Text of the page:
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Delta State University in Cleveland, Mississippi. The state’s public universities now rely more on tuition than appropriations for funding.
Delta State University in Cleveland, Mississippi. The state’s public universities now rely more on tuition than appropriations for funding. Credit: Jackie Mader/The Hechinger Report

Mississippi is now relying more on tuition revenue than state and local appropriations to fund public higher education, according to new data from the State Higher Education Executive Officers Association (SHEEO).

The organization looked at appropriations amounts and tuition revenue to determine how much funding higher education receives from each source. For the first time ever, the majority of states rely on tuition as the principal source of higher education funding. In Mississippi, state and local appropriations for each student enrolled full-time in the state’s institutions of higher education have decreased by nearly 24 percent compared to pre-recession numbers. In 2017, public institutions received about $5,892 in state and local appropriations per each student enrolled full-time, down from $6,055 in 2016. Tuition revenue for each full-time student increased from $5,792 in 2016 to $6,009 in 2017.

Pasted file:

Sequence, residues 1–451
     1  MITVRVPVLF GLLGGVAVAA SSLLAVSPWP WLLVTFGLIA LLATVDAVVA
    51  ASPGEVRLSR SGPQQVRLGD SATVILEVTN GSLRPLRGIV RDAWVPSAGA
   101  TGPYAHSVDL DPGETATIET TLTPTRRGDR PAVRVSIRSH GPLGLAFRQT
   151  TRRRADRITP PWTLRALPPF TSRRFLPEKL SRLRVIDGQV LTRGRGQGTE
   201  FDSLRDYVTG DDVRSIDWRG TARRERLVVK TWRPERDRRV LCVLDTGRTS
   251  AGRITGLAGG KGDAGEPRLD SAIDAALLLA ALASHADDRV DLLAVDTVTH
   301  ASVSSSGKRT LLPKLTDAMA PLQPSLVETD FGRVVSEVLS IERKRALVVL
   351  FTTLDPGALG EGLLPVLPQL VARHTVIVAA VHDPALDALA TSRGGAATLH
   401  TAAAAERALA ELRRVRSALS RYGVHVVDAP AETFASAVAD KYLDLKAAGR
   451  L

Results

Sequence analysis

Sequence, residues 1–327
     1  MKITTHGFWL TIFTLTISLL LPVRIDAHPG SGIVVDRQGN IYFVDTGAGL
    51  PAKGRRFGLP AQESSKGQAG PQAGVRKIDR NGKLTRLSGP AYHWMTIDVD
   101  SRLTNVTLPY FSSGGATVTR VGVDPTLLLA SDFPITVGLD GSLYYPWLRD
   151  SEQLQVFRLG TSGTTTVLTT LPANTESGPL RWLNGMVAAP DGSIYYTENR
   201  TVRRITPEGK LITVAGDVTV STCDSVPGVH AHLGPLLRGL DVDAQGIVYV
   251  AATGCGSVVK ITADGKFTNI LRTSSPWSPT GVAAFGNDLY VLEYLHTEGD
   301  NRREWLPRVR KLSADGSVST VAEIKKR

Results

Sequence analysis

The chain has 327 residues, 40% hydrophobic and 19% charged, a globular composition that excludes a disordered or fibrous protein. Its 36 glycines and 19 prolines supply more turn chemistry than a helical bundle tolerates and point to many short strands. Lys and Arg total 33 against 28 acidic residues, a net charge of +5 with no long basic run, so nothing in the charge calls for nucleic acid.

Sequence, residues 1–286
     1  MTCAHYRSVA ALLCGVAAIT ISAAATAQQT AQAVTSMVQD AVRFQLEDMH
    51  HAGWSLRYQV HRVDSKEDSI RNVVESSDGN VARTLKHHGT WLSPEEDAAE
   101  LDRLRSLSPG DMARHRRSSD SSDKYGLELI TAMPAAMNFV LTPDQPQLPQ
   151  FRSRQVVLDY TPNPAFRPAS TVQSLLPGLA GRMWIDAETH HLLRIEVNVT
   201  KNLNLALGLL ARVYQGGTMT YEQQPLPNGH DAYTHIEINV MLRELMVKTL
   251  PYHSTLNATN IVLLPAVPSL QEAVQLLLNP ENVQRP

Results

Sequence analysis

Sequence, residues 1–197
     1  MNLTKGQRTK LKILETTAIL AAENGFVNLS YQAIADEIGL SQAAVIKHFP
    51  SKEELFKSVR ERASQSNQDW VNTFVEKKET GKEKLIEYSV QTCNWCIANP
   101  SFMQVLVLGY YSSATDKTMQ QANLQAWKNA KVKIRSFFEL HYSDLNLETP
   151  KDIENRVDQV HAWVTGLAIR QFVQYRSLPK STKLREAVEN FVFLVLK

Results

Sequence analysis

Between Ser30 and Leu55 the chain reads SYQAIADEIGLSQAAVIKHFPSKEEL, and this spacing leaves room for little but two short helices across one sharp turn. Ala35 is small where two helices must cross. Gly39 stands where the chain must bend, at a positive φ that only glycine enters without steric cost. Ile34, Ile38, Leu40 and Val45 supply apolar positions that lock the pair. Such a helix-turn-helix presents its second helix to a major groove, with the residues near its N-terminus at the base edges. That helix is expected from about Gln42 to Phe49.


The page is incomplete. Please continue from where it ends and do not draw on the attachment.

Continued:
Andy Carlson, vice president of finance policy and member services at SHEEO said while the news that most states are now relying more on tuition than appropriations was not a surprise, it is “problematic,” especially as states are trying to increase the number of students earning degrees.

“There’s a need to close equity gaps and serve underserved populations and adult learners,” Carlson said. “Those students probably have more significant costs, and the students we need to serve are less likely to afford the tuition than a traditional college student.”

Nationwide, only six states have returned to pre-recession funding levels and 28 states rely more on tuition dollars than on state and local funding. Enrollment in public institutions decreased from 11.5 million in 2012 to 11 million in 2017. Financial aid for students has increased 86 percent since 2000, with states spending an average of $673 in financial aid per student in 2017.

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